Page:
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Cowpea is a highly inbred crop. It is part of a crop-weed complex, whose origin and dynamics is unknown, which is distributed across the African continent. This study examined outcrossing rates and genetic structures in 35 wild cowpea (Vigna unguiculata ssp. unguiculata var. spontanea) populations from West Africa, using 21 isozyme loci, 9 of them showing polymorphism.
Outcrossing rates ranged from 1% to 9.5% (mean 3.4%), which classifies the wild cowpea breeding system as primarily selfing, though rare outcrossing events were detected in each population studied. Furthermore, the analyses of both the genetic structure of populations and the relationships between the wild and domesticated groups suggest possibilities of gene flow that are corroborated by field observations.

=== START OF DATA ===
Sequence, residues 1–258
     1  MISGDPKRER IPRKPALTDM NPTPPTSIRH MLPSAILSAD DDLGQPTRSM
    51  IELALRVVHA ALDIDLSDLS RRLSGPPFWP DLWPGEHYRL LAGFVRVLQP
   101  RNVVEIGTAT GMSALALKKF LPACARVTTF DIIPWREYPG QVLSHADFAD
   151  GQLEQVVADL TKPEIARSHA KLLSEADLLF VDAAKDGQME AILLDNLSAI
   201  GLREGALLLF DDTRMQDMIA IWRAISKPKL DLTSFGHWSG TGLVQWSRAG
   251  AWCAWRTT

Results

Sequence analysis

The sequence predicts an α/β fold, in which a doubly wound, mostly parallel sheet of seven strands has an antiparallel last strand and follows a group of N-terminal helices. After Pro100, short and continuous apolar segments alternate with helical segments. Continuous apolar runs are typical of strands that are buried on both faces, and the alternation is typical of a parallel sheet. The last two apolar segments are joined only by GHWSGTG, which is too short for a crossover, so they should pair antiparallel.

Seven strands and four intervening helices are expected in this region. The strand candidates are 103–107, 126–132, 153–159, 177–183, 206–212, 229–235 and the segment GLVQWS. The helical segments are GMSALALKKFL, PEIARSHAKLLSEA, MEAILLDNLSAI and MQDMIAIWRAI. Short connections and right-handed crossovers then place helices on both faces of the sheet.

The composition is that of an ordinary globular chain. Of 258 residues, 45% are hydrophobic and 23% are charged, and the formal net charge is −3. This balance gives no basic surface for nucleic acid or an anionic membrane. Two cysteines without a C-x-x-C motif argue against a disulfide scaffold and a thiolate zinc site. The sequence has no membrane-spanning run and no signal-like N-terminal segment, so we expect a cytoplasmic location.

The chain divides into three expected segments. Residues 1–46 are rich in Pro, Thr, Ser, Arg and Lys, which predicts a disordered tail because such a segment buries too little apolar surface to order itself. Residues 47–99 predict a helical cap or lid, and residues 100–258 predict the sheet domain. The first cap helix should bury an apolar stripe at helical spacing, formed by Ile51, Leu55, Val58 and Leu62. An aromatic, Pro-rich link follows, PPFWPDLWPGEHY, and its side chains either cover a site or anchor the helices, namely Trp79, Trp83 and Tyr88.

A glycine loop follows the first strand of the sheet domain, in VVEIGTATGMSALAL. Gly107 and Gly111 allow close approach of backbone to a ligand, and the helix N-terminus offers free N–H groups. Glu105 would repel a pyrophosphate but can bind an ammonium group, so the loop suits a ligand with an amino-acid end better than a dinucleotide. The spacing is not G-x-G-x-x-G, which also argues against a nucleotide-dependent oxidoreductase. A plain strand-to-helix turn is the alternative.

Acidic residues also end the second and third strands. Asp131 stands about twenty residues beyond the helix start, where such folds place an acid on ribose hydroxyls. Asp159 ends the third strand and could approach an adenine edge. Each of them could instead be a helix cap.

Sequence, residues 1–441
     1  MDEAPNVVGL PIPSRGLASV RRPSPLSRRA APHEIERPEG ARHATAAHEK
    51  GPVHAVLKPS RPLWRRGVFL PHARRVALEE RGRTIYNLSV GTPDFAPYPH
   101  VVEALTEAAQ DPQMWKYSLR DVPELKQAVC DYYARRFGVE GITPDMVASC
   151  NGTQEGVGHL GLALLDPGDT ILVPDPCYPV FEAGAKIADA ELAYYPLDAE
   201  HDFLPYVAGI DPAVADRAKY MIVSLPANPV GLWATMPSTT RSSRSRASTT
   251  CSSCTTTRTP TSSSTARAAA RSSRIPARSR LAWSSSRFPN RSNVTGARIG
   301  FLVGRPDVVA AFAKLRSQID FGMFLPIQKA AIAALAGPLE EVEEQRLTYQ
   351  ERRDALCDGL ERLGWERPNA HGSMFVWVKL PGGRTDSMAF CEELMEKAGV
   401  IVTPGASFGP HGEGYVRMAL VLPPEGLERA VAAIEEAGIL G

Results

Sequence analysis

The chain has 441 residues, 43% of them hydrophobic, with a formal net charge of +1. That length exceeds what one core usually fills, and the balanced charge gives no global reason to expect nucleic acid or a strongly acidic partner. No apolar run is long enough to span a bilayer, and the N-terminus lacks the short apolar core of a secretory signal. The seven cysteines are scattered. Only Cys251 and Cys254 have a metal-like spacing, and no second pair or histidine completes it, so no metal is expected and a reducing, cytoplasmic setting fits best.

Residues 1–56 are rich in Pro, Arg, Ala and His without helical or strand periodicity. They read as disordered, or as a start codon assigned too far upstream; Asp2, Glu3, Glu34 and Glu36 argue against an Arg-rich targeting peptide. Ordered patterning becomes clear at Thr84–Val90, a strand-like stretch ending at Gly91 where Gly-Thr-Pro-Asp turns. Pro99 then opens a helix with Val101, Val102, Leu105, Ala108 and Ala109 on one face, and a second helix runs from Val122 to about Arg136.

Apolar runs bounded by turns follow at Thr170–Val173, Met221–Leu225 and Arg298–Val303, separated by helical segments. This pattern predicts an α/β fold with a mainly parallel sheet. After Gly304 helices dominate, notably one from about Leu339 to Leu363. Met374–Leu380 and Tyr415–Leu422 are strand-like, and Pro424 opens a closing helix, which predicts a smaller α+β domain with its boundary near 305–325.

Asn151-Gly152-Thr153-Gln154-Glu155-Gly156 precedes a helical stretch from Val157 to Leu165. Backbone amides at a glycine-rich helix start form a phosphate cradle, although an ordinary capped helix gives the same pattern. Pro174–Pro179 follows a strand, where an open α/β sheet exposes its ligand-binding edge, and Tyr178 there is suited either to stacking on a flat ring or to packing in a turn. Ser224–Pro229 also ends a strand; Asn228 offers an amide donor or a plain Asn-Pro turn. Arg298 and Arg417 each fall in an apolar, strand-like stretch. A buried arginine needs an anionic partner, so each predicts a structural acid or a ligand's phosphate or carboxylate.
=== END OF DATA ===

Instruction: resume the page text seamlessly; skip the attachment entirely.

As expected in a predominantly inbred breeding system, wild cowpea shows high levels of genetic differentiation and low levels of genetic diversity within populations. Gene flow from domesticated to wild cowpea does occur, although the lack of strong genetic swamping and modified seed morphology in the wild populations suggest that these introgressions should be rare.